Has Google surrendered to the Kremlin’s new data-localization law?
Google has allegedly agreed to comply with Russia’s new data-localization law, which will require all Russians’ personal data to be stored on servers located inside Russia.
The news agency RBC reports that Google has already transferred some user-data storage to Russian data centers. This announcement was made at a conference in late March, held at the Ministry of Communications, RBC says.
According to a transcript of the event, where guests discussed the implementation of the new data-localization law, one of the participants claimed Google hired his company to store data. “Google is now one of our clients,” the person said, describing his business as a “high-security data-server facility with close ties to the state.”
RBC says people who attended the event identify the man as a representative of Rostelecom, Russia's leading long-distance telephony provider. Rostelecom has refused to comment publicly on rumors that it now supplies data centers to Google, saying it can only disclose information about its clients with their consent.
In July 2014, Vladimir Putin signed a law that will require websites and businesses to store all Russians’ personal data on servers located inside Russia. The law was initially supposed to come into action in 2016, but the Duma accelerated the process last year. The law now takes effect on September 1, 2015.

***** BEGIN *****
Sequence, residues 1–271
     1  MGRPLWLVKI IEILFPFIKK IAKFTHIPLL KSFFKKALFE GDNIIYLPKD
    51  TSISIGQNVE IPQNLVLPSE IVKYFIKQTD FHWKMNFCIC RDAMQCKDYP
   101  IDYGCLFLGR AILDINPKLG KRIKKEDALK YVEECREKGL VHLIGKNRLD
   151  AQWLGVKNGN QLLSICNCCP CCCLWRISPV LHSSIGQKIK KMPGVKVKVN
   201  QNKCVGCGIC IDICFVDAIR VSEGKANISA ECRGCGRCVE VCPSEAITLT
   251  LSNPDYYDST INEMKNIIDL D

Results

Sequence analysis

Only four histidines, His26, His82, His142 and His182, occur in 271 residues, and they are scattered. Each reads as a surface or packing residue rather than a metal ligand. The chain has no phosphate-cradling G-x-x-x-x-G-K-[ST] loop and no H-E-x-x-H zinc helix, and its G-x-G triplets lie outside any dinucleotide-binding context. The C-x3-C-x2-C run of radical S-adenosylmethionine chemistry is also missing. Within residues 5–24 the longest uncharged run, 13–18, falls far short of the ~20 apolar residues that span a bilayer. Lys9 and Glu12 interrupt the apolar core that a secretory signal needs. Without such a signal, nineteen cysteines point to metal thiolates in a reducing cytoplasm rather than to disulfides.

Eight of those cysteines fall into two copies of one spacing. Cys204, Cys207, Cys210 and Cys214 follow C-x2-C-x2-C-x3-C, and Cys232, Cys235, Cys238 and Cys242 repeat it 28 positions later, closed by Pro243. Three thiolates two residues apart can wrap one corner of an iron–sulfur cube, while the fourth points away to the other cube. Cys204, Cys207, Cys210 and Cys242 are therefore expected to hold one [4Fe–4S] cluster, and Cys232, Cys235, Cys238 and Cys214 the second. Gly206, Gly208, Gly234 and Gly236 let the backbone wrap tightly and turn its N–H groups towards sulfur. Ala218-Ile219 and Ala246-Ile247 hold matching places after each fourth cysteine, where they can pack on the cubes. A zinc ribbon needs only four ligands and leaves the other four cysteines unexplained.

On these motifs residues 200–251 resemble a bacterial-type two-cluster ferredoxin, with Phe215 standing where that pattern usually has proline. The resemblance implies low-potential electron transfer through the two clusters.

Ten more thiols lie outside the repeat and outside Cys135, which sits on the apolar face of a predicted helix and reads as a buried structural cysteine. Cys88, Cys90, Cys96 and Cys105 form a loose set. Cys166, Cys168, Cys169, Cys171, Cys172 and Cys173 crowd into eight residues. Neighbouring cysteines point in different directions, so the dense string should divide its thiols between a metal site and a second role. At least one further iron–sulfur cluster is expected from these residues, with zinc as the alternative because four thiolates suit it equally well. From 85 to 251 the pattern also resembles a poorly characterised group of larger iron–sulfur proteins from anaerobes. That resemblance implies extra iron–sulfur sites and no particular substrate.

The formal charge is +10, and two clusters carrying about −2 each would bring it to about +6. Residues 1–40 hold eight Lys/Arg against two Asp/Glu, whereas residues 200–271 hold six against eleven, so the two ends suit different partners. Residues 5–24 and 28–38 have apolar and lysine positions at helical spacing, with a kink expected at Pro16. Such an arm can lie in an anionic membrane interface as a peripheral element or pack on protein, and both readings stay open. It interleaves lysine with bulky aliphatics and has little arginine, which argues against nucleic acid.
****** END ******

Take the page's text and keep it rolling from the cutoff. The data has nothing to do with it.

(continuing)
In early April 2015, the US-based Internet companies eBay and PayPal agreed to transfer the personal data of their Russian users to servers based in Russia.
Representatives of businesses that store user data have repeatedly criticized the data-localization law, saying it’s an excessive, impractical restriction that could lead to the disappearance in Russia of many popular Internet services, including airline-ticket purchasing.
Google is facing an antitrust hearing later this month in Russia, where industry-rival Yandex has accused the US Internet search giant of unfair market practices. Google insisted earlier this week that its agreements with mobile-device manufacturers are perfectly legal.